D.he nameless narrator loves Ivan and is depressed. Then she loves Malina and is still depressed. She walks across the stage in a gray, ruffled crepe dress and a black mesh top. Her long train is as heavy as the thoughts she carries. The apartment at 6 Ungargasse, in the third district of Vienna, is a cabinet made of mirrors. Paper lies on the floor. Faces look at the narrator from every corner, sometimes tired, sometimes sad and sometimes dead. Two superhumanly large feet kick out a cigarette. The narrator loves smoking when she is thinking and writing, in the long, lonely nights – in the moments when the “erratic monologues” arise.
At their first premiere this season, the Kammerspiele des Schauspiel Frankfurt dared to play the novel “Malina” by Ingeborg Bachmann. The Austrian’s book, published in 1971, tells the love story between an unnamed intellectual in Vienna and the two men who live with her – Ivan, the Hungarian who works in the financial sector, and Malina, the historian. Bachmann’s novel has autobiographical traits and is a criticism of the violence that men emanate. In it she reflects on the failed relationships with Paul Celan and Max Frisch, the horrors of National Socialist rule and the war.
Lilja Rupprecht and Katrin Spira have adapted the novel version for a two-hour, yet fast-paced production for the stage. The play stages the three-part novel as a gender fluid trauma elegy. Inga Busch, Manja Kuhl and Fridolin Sandmeyer change the roles of the three protagonists. Sometimes he wears a flowered dress. Sometimes the two women are masked. Then they dance across the stage in gray hooped skirts.
Only stories that make you happy
The first act tells the happy love story of Ivan and the narrator, which gradually falls apart. The “beautiful Ivan”, played by Sandmeyer in this part, is a self-confident, proud man. The world and the narrator seem to be at his feet. He returns from his business trips to his lover in his long, beige trench coat. However, he cannot deal with her feelings, fear of loss and worries – “go out, read less, sleep properly”. Inevitably, the relationship between the two first cracks. The narrator staggers back and forth between lust for life and the spiritual abyss. She wants to write a book again. It should be an “Esultate, jubilate”, suggests Ivan. She should not write another text that deals with “the misery in the world”.
Her look is pale, her face furrowed. “Ivan doesn’t know anything about love.” He replies flippantly: “We still have a whole life.” A moment later she is standing in front of him in a long designer dress. No more mourning, she promises, just colorful clothes and stories that make you happy. But again the collapse follows. The dispute. The wrong thoughts. The sleepless nights. The writing. The alcohol. The cigarettes. Until Malina shows up.
Again he is flippant with her suffering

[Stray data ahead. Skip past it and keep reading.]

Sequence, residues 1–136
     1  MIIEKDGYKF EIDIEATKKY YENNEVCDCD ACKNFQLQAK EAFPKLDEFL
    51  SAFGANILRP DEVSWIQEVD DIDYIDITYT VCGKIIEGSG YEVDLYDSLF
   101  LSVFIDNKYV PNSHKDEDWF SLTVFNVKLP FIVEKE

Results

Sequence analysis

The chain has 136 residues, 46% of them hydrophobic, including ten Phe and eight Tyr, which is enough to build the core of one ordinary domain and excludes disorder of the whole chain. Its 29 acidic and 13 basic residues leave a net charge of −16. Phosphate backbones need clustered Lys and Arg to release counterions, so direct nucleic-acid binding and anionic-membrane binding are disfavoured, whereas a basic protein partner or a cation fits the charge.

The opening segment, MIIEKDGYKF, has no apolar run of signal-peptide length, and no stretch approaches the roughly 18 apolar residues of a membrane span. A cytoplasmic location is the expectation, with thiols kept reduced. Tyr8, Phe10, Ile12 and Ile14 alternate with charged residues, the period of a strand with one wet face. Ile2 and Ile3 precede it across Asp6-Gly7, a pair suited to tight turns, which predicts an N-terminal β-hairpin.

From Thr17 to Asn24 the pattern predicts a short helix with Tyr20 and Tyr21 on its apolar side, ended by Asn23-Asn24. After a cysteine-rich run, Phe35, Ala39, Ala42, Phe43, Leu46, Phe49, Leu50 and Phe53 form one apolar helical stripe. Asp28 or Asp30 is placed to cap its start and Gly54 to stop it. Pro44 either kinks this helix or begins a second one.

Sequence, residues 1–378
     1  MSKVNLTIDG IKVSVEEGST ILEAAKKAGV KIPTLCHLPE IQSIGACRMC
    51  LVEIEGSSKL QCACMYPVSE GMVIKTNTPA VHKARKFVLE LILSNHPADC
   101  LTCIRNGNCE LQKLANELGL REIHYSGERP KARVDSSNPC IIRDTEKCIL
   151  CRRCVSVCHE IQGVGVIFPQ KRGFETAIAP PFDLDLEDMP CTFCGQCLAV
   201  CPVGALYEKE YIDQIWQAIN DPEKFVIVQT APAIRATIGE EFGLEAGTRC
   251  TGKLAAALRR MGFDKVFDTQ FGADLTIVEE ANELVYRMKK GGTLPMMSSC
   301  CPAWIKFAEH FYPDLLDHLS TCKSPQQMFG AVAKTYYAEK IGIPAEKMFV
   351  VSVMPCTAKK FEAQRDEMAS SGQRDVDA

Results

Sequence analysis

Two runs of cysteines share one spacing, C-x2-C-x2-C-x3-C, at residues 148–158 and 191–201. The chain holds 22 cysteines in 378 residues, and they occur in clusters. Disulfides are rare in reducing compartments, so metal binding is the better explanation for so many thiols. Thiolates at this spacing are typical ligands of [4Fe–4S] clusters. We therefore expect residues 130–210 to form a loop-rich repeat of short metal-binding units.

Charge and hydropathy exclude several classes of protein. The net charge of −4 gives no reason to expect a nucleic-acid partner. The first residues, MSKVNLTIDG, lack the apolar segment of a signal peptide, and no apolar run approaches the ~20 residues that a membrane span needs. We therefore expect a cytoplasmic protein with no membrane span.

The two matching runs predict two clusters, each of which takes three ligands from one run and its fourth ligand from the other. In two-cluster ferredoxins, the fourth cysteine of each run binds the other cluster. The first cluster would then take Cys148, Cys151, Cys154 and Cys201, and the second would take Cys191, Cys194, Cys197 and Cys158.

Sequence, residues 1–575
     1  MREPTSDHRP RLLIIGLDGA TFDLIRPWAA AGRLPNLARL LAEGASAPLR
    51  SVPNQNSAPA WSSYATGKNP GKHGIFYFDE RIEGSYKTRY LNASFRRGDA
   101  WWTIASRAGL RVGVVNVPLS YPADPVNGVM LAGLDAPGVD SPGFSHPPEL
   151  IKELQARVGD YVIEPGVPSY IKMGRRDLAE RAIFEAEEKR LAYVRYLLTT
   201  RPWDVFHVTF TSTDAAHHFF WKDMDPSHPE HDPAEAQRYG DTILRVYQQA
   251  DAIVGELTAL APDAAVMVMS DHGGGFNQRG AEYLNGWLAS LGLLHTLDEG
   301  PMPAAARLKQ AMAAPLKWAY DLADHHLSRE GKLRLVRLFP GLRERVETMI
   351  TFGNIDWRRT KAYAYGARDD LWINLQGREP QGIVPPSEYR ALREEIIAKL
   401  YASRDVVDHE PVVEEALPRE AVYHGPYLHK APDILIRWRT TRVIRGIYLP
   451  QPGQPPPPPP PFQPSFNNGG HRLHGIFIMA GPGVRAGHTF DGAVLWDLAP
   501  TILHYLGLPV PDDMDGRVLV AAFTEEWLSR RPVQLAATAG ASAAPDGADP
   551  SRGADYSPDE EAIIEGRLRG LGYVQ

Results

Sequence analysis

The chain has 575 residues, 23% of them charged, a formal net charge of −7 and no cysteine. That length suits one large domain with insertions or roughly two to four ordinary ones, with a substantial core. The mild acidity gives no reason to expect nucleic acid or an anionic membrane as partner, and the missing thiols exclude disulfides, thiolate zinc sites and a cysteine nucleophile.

Malina is different from Ivan. He cares about her feelings, but over time he becomes more and more dominant. He is slowly gaining the upper hand over the apparently fragile woman. Malina says almost nothing. His character is only formed in the thoughts of the narrator and the nocturnal monologues.
Just as the novel is tripartite, the play also consists of three acts. The plot is interrupted by monologues, lyrical interjections and musical performances. This creates an atmospheric framework for dealing with the narrator’s thoughts. In the darkness of the night there is silence, only a faint whimper can be heard until a moody piano melody can be heard. Philipp Rohmer plays the piano in a shiny silver sequin dress. Malina is back. She plunges into life, wears red lipstick, her tired eyes are wide open. A laugh goes through the hall. She lies next to Ivan and looks at him in love with a penetrating look. But again he deals with her suffering flippantly: “If you are not happy, then you will never be able to do anything good.”
Just a certainty
In the second part the stage is transformed into a grotesque horror cabinet. The three actors wear masks and artificial wigs. A fire burns on the piano. The memories of her sleazy and dominant father are surfacing. “Who wants to sleep in a night forest full of questions?” The narrator describes the sexual abuse by her father and his preference for “young women”. The masks are falling apart. All three actors are screaming for their lives. The song “Open Book” by Cake can be heard in the background: “You think she’s an open book. But you don’t know which page to turn on. “
Kuhl and Busch represent a narrator who collapses but keeps getting up. After the excruciating night she recovers and starts to write again. The play of the three actors also reveals the role of Malina, who does not exist at all, but is the male part of her soul – the destructive that she has to get rid of. But the Frankfurt adaptation does not conclude in a conciliatory manner.
In the lonely hours of the night when she is working on her book, there is only one certainty for the narrator: “There is no such thing as war and peace. Peace is just a short break. There is always war. Always violence. ”She has to come to terms with her memory, this is the only way to enable her to emancipate. “A day will come, you will be free, all people. There will be greater freedom, it will be beyond measure, it will be for a lifetime. “